Updated: 12:21 p.m.
Starbucks workers around the U.S. are undergoing a planned three-day strike starting Friday as part of their effort to unionize the coffee chain's stores.
More than 1,000 baristas at 100 stores — including two Twin Cities locations — are planning to walk out, according to Starbucks Workers United, the labor group organizing the effort. The strike will be the longest in the year-old unionization campaign.
The St. Paul store, at 300 Snelling Avenue South, is one of six unionized stores in the state. The other store striking is on Silver Lake Road in St. Anthony.
Starbucks workers in St. Paul say they don’t know how many hours they will work ahead of their schedules. Barista Lola Rubens said she and others at the unionized store “repeatedly” have their hours cut.
"Starbucks has made a name for itself being flexible with its hours but it also needs to ensure that it is giving the people it promises the hours that they need. So that we can live. So they we can earn money,” Rubens said.
She earns $15.81/hour, 31 cents above the current hiring rate. She wants $19 an hour.
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"My life would be so much easier if I made that much money every hour,” Rubens said.
St. Paul Starbucks shift supervisor Graciela Nira earns $21.17 an hour and wants to see hours guaranteed, too.
"More than a wage increase, I would like to see Starbucks's implement some guaranteed hours,” Nira said. "Starbucks likes to say that they have industry standard wages, but we don't have any security for what that looks like in terms of an annual salary."
Rubens also said customers can’t tip baristas on their credit cards at her union store. Non-union stores allow customers to tip on their credit cards, she said.
This is the second major strike in a month by Starbucks' U.S. workers. On Nov. 17, workers at 110 Starbucks stores held a one-day walkout. That effort coincided with Starbucks' annual Red Cup Day, when the company gives reusable cups to customers who order a holiday drink.
More than 264 of Starbucks' 9,000 company-run U.S. stores have voted to unionize since late last year.
Starbucks opposes the unionization effort, saying the company functions better when it works directly with employees. But the company said last month that it respects employees' lawful right to protest.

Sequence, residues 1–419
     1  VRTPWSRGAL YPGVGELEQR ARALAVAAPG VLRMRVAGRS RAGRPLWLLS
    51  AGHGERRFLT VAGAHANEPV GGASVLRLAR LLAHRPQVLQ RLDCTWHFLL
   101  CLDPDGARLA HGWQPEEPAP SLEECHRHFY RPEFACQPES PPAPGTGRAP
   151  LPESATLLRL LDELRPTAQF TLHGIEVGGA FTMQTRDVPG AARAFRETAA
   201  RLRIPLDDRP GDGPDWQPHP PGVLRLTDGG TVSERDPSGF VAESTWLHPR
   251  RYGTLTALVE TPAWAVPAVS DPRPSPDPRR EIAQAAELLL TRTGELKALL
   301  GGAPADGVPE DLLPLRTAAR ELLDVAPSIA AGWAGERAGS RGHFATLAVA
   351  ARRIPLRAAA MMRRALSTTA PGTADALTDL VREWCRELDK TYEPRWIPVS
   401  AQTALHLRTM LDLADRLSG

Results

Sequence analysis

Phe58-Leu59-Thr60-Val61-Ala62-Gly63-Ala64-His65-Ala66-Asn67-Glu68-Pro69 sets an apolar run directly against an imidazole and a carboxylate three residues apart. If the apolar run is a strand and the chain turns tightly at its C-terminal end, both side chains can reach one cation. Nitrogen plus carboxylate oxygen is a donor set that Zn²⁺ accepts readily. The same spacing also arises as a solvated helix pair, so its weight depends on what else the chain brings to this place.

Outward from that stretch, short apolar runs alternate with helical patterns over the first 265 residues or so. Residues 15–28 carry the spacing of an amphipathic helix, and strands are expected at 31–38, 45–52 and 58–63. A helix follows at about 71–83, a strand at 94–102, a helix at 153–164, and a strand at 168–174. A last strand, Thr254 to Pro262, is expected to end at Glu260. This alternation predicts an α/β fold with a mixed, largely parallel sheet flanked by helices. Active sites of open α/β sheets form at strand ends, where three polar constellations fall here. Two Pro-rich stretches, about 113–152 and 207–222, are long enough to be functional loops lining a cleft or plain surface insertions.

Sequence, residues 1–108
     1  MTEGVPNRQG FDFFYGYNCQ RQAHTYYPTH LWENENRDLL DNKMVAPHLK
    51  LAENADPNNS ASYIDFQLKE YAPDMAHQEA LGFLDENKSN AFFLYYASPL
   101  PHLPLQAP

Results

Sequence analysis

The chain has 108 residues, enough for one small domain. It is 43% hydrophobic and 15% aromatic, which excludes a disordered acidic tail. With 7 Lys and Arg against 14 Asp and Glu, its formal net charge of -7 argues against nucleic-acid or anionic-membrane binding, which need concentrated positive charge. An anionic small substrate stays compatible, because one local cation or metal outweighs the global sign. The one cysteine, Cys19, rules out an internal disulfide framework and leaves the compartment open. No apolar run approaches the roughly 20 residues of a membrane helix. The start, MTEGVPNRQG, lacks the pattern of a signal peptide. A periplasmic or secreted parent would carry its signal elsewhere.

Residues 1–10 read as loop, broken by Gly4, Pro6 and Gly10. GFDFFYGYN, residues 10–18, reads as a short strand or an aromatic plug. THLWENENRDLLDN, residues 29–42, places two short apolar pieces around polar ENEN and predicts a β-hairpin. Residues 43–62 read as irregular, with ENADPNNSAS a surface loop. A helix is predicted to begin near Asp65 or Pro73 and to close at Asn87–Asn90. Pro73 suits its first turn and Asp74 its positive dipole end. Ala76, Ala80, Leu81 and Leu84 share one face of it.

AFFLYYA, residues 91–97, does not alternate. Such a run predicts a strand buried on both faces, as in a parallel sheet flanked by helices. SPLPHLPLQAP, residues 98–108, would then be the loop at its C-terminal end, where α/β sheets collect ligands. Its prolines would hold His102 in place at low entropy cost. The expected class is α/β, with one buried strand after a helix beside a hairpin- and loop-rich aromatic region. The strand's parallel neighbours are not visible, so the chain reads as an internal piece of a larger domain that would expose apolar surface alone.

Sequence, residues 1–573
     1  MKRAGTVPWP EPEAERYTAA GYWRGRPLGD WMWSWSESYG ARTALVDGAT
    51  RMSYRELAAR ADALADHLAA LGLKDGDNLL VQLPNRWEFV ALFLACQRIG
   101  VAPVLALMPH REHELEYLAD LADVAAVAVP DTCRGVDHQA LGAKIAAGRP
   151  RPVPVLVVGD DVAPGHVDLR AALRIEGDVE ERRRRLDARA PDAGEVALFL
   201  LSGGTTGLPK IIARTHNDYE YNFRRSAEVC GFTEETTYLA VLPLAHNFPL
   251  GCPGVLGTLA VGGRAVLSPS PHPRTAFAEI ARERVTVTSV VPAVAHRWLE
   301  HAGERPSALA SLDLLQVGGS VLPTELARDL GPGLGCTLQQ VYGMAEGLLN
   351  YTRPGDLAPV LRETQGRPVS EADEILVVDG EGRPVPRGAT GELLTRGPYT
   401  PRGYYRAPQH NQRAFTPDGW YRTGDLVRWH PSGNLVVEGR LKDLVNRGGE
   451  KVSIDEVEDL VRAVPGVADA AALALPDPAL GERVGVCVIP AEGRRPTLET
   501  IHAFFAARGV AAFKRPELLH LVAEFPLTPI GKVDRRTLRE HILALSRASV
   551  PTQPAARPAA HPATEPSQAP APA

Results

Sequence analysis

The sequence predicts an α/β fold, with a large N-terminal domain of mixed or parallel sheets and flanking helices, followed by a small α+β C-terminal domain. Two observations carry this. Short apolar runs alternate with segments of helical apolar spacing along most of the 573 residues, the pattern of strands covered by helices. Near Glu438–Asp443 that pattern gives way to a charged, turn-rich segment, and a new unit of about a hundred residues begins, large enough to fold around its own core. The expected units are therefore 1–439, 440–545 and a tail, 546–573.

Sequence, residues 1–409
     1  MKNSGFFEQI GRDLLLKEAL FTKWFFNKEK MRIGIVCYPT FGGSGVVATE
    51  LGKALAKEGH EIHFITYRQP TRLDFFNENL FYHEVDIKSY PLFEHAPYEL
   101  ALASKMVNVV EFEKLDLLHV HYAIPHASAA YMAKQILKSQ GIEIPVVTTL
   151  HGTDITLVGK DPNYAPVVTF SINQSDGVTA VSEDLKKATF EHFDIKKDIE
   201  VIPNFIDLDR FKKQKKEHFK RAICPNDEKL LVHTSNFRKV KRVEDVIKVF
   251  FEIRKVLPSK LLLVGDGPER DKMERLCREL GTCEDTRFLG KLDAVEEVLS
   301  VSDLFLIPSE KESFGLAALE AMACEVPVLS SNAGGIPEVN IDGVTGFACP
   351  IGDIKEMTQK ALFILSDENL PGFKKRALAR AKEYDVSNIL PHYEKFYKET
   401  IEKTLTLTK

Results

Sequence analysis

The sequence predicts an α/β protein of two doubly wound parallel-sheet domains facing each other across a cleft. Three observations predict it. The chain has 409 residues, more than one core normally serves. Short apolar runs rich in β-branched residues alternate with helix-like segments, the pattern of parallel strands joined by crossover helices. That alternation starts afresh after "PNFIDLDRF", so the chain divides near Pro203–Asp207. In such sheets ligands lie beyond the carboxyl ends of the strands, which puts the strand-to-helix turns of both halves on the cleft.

Tori Tambellini, a former Starbucks shift supervisor and union organizer who was fired in July, said she will be picketing in Pittsburgh this weekend. Tambellini said workers are protesting understaffed stores, poor management and what she calls Starbucks' "scorched earth method of union busting," including closing stores that have unionized.
Workers United noted that Starbucks recently closed the first store to unionize in Seattle, the company's hometown. Starbucks has said the store was closed for safety reasons.
Starbucks and the union have begun contract talks in about 50 stores but no agreements have been reached.
The process has been contentious. According to the National Labor Relations Board, Workers United has filed at least 446 unfair labor practice charges against Starbucks since late last year, including that the company fired labor organizers and refused to bargain. The company, meanwhile, has filed 47 charges against the union, among them allegations that it defied bargaining rules when it recorded sessions and posted the recordings online.
So far, the labor disputes haven't appeared to dent Starbucks' sales. Starbucks said in November that its revenue rose 3 percent to a record $8.41 billion in the July-September period.
Starbucks did not immediately respond to a request for comment.